Annual Hurricane Forecast Prompts Readiness Talk With the official June 1 hurricane season opening, forecasting organizations have released their rough predictions for this year's storm activity. Hurricane expert Dr. William Masters sums up the consensus of three forecasting organizations on his Weather Underground blog: "All three major seasonal forecasting groups [the National Oceanic and Atmospheric Administration (NOAA), Colorado State University (CSU), and British private forecaster Tropical Storm Risk, Inc. (TSR)] are calling for a near-average Atlantic hurricane season in 2009." According to Masters' blog, the long-range forecasts tend to be slightly more accurate than a simple guess based on averages. June estimates by the Colorado State researchers, for example, "have historically offered a skill of 20 - 30% higher than a 'no-skill' forecast using climatology," Masters says. What really will happen, of course, is still anyone's guess. The NOAA forecast, for example, is quite broadly worded: NOAA estimates "a 50% chance of a near-normal season," but also "a 25% chance of an above-normal season and a 25% chance of a below-normal season." More specifically, NOAA offers 70% confidence that this year will see 9 to 14 named storms, 4 to 7 hurricanes, and 1 to 3 major hurricanes in the Atlantic and Gulf regions. Ready?

More than anything, the annual forecasts serve as notification to people living on the coast that, yes, hurricanes do come in summer and fall, and, yes, someday one will actually strike where you live (if you live that long). And, yes, it could actually be this year. Responsible politicians took the opportunity to urge citizens to get ready. Charlie Crist, governor of Florida, designated May 24-30 as "Hurricane Preparedness Week." A TampaBay.com blog followed Governor Crist as he helped a St. Petersburg family stock up on emergency supplies at the Home Depot. After a meeting with FEMA officials, even President Obama got in on the act, urging Americans to take personal responsibility for hurricane readiness. The McClatchy news service covers the President's comments ("Obama: Hurricane readiness is residents' responsibility," by Steven Thomma). Or Not?

Unfortunately, most coastal residents aren't heeding the advice. That's according to a Mason-Dixon poll released in May. The survey of 1,100 adults from Texas to Maine found that more than half of respondents are not prepared for a storm. Forty-eight percent do not have flood insurance, and about 16% mistakenly think that the government will provide emergency food, water, and other basics immediately after a catastrophic storm strikes. (In fact, says FEMA, government resources are not sufficient to meet all emergency requirements in major hurricanes.) The South Florida Sun-Sentinel covers the poll results ("Poll: More than half of coastal residents in U.S. aren't ready for a hurricane," by Ken Kaye). Homeland Security Today magazine has coverage in two stories ("2009 hurricane season is here," by Michael Peltier, and "Hurricane, disaster preparedness complacency continues to grow," by Anthony L. Kimery). Federal officials voiced particular concern about the state of readiness in parts of the coast that haven't been hit by storms in a long time. Despite their run of good luck, those regions are statistically as likely to get struck in any given year as any other part of the coastline. "Areas that have been hit recently actually tend to be more responsive to [the risk]," pointed out Louis Uccellini, who directs the National Weather Service's National Centers for Environmental Prediction (NCEP), at a White House briefing on May 29. "We are particularly concerned for areas where there's been a tremendous population growth and have not experienced a hurricane. These people do not really fully comprehend or understand the types of dangers that face them, whether it's wind, rain, or a storm surge." And Uccellini observed, "It only takes one storm — one land-falling storm — to make for a bad season." In truth, residents of hurricane country probably still have months to get ready. Historically, storms rarely make landfall in June. According to storm expert Dr. Masters, one factor that predictors use – the Tropical Cyclone Heat Potential (TCHP) – measures the temperature of ocean water to a depth of about 150 meters. The deeper the layer of warm water, the higher the TCHP (over 80 supports rapid hurricane formation). As the map below shows, TCHP levels in May of 2009 where far below the record highs from May 2005.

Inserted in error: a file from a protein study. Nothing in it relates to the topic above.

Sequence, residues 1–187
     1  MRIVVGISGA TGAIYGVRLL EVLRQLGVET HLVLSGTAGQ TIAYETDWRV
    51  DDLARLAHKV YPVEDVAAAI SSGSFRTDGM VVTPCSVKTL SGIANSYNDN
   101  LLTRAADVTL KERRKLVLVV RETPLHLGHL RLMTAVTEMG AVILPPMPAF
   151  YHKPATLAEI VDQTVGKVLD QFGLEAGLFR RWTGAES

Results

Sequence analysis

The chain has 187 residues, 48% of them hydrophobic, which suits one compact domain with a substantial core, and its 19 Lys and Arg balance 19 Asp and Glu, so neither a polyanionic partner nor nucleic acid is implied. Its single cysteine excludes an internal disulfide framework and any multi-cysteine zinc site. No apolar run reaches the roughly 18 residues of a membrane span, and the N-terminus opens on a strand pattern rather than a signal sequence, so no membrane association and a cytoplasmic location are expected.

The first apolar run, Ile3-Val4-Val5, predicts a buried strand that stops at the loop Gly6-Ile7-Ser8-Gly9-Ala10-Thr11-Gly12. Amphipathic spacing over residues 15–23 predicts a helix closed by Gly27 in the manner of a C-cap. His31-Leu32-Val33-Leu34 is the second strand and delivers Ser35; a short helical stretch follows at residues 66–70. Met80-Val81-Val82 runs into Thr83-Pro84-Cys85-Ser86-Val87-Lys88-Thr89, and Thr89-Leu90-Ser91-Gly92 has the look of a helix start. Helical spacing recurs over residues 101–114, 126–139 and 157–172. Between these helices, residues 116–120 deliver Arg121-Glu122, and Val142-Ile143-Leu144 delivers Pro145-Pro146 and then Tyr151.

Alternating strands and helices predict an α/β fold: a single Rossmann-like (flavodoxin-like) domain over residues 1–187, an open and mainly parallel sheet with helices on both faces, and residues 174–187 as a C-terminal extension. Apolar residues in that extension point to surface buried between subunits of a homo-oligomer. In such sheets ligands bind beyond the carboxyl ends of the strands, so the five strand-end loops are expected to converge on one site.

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      PHOTO: NOAA/AOML Over the course of decades, of course, every coastal state gets hit by storms — repeatedly. These images of historic storm tracks for Louisiana, Florida, South Carolina, and Massachusetts, dating back to the 1850s, are provided by the NOAA. The pictures tell the story — it's not a question of whether. It's only a question of when.

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